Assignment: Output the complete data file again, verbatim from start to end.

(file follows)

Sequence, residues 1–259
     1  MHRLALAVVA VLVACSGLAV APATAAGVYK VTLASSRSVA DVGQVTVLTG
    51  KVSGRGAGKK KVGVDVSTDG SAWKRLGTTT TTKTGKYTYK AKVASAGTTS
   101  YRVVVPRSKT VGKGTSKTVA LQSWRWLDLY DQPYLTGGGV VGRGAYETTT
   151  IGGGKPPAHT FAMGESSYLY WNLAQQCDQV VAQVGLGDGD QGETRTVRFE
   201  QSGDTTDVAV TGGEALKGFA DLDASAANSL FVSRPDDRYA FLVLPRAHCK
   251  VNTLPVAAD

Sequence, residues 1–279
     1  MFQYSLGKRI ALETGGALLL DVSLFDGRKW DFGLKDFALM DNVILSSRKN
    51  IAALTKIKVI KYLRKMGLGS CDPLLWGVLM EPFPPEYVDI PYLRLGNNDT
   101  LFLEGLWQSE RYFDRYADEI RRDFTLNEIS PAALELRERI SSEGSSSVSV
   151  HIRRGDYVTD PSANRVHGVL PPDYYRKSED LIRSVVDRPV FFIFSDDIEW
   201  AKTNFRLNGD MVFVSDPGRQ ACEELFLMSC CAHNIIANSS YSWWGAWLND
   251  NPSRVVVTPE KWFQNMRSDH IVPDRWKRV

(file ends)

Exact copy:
Sequence, residues 1–259
     1  MHRLALAVVA VLVACSGLAV APATAAGVYK VTLASSRSVA DVGQVTVLTG
    51  KVSGRGAGKK KVGVDVSTDG SAWKRLGTTT TTKTGKYTYK AKVASAGTTS
   101  YRVVVPRSKT VGKGTSKTVA LQSWRWLDLY DQPYLTGGGV VGRGAYETTT
   151  IGGGKPPAHT FAMGESSYLY WNLAQQCDQV VAQVGLGDGD QGETRTVRFE
   201  QSGDTTDVAV TGGEALKGFA DLDASAANSL FVSRPDDRYA FLVLPRAHCK
   251  VNTLPVAAD

Sequence, residues 1–279
     1  MFQYSLGKRI ALETGGALLL DVSLFDGRKW DFGLKDFALM DNVILSSRKN
    51  IAALTKIKVI KYLRKMGLGS CDPLLWGVLM EPFPPEYVDI PYLRLGNNDT
   101  LFLEGLWQSE RYFDRYADEI RRDFTLNEIS PAALELRERI SSEGSSSVSV
   151  HIRRGDYVTD PSANRVHGVL PPDYYRKSED LIRSVVDRPV FFIFSDDIEW
   201  AKTNFRLNGD MVFVSDPGRQ ACEELFLMSC CAHNIIANSS YSWWGAWLND
   251  NPSRVVVTPE KWFQNMRSDH IVPDRWKRV